There are three cases in which put should, ought,

1) When it comes to performance, no positive or corrective action.

- We should send her a postcard. We should send her a postcard.

2) When you want to advise someone to do something or not to do.

- You should claim your pension 3-4 month before you retire. You must apply for a pension 3-4 months before the dismissal.

3) When you Express your point of view or asking someone else's opinion. Thus, in order to start a sentence, are often used: I think, I don’t think, or Do you think.

- I think that we should be paid more. / I think we should pay more.

Try to distinguish the cases in which is used should, ought modal verb have to. The exercises below contain gaps, fill them.

- We _______ spend all the money. We don't have to spend all the money.

- He ______ come more often . He should come more often.

- You ______ see him again. / You don't have to see him again.

- You ______ use a detergent. You should not use detergent.

- You ______ get a new TV. / You need a new TV.

- You ______ marry him. You shouldn't marry him.

- I don’t think we ______ grumble. I don't think we should complain.

- Do you think he ______ go? / Do you think that he should not go?

- What do you think we ______ do? / What do you think we should do?

To say that in the past there was reasonable necessity to do something, but the action was not committed, used: should have or ought to have with the past participle. For example, if they say I should have given him the money yesterday, I mean, yesterday there was reasonable necessity in the transfer of money, but the money was not provided.

the modal verb have to exercise

- I should have finished my drink and gone home. I had to finish your drink and go home.

- You should have realized that he was joking. / You were supposed to understand that he was joking.

- We ought to have stayed in tonight. We had to stay the night.

- They ought to have taken a taxi. They had to call a taxi.

If you want to say that it was important not to do something in the past, but, nevertheless, it was used should not have, ought not to have. For example, if you said I should not have left the door open, it is understood that it was important that someone didn't leave the door open, but the door, however, remained open.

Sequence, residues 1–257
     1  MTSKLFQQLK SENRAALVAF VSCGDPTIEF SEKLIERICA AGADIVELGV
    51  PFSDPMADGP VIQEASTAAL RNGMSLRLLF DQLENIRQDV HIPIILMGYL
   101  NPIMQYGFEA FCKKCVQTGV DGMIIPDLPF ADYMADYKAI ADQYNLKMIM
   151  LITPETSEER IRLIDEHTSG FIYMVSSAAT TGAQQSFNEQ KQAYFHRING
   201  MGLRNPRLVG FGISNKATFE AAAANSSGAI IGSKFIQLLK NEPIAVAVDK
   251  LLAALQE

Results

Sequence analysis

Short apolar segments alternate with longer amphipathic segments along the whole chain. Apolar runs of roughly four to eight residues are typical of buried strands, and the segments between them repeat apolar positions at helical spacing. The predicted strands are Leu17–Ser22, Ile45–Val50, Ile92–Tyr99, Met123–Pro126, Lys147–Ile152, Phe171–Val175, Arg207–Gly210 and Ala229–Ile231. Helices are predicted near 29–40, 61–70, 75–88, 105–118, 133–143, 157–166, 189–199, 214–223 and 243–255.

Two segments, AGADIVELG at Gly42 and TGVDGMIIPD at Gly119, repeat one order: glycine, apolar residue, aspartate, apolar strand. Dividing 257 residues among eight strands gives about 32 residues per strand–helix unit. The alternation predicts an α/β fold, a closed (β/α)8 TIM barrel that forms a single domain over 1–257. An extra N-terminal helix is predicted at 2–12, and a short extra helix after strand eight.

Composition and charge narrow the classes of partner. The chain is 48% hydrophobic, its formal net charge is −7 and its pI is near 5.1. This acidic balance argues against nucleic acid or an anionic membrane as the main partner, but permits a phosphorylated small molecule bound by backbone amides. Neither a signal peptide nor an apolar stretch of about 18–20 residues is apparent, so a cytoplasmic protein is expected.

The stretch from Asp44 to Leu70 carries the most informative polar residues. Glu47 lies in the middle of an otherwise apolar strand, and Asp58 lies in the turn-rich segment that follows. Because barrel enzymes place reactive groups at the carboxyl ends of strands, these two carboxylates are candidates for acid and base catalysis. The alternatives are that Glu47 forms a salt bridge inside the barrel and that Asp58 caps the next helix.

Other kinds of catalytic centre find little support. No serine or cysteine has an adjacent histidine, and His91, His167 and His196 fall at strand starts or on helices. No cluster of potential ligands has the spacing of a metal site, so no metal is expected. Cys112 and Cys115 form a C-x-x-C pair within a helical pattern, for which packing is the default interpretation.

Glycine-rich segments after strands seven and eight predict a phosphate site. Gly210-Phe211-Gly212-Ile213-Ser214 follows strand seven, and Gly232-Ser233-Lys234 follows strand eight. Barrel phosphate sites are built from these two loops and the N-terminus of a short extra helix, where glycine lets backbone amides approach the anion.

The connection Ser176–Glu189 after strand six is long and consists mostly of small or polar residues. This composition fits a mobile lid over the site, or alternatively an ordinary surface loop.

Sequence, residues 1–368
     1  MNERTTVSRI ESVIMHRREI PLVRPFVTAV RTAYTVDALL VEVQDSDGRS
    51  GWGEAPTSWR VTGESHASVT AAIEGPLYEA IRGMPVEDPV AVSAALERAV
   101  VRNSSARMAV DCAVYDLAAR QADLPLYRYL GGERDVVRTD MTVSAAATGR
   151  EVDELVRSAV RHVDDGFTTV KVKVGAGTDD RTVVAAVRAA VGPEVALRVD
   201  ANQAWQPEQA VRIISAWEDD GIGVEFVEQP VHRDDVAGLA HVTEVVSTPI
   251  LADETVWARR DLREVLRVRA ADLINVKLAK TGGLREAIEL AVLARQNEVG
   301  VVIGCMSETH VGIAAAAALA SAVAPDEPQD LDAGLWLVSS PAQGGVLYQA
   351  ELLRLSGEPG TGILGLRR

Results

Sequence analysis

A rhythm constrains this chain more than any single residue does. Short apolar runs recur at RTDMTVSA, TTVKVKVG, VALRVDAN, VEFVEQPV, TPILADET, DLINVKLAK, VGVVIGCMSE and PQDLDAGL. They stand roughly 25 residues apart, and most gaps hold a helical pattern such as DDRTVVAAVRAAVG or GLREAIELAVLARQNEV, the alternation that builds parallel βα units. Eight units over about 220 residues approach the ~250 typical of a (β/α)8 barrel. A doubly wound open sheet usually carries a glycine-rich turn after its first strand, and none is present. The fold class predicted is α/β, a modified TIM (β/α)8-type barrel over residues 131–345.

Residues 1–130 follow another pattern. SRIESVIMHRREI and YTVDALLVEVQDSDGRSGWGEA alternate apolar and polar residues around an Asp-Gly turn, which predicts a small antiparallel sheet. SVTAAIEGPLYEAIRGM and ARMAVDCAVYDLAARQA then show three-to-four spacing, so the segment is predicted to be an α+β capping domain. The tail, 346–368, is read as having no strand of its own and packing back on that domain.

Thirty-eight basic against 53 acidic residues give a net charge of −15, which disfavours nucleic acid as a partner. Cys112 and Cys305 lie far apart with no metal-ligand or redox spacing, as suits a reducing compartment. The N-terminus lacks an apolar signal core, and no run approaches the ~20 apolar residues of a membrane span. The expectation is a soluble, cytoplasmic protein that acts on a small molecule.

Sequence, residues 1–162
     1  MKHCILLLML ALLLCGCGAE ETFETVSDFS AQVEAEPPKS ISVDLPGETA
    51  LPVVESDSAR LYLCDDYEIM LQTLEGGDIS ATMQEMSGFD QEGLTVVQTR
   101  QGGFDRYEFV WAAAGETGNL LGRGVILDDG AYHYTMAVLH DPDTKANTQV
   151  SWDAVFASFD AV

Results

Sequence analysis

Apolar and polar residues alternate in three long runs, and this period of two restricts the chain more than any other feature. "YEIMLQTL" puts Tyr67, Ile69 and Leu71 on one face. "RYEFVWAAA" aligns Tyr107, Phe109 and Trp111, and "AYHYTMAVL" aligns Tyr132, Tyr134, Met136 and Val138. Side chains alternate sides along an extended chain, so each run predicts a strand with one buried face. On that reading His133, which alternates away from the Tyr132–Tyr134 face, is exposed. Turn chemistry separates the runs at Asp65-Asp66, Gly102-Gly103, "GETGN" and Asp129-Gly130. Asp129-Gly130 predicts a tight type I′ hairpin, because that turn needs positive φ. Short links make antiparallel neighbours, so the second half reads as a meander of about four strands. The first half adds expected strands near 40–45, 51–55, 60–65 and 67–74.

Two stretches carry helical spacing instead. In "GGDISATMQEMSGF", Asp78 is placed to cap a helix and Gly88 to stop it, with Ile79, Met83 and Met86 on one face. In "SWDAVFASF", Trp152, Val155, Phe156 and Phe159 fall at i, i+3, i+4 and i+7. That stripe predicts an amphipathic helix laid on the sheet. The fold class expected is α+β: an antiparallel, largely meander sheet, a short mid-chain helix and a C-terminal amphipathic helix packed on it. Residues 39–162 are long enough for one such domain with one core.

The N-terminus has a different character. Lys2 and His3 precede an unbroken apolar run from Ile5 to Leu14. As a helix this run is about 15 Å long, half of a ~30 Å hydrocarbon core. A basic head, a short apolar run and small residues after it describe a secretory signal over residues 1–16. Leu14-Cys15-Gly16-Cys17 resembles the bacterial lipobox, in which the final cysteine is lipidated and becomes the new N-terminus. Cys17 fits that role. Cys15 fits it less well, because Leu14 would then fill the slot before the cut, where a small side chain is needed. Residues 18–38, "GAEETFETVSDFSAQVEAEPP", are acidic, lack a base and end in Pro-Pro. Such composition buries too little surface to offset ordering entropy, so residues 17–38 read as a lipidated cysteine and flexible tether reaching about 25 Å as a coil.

- I should not have said that. / I'm not supposed to say that.

- You should not have given him the money. / I'm not supposed to give him money.

- They ought not to have told him. They weren't supposed to tell him.

- She oughtn't to have sold the ring. / She wasn't supposed to sell the ring.

Had better

To indicate a reasonable need to do something in a particular situation, use had to. The modal verb at the same time losing to and added better forming had better accompanied by a verb in the base form. Also had better can be used to give advice or to Express their point of view on any issue. Although usually negative particle is placed immediately after had to, modal verb, and not in this case separated better. The negative form looks like a had better not.

- I think I had better show this to you now. / I think I better show you now.

- You’d better go tomorrow. / You'd better come tomorrow.

Although it had better resembles the shape of the elapsed time, it is never used to moderate the need in the past. And correct form is always had better (didn't say have better).

- I’d better not look at this. / I'd rather not look at it.

the modal verb have to the examples

Thus, range values have a lot of separate semantic units, which do not always behave according to common logic. For example, had to (modal verb have to in the II form) may not always indicate the elapsed time.

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Alin Trodden - author of the article, editor
"Hi, I'm Alin Trodden. I write texts, read books, and look for impressions. And I'm not bad at telling you about it. I am always happy to participate in interesting projects."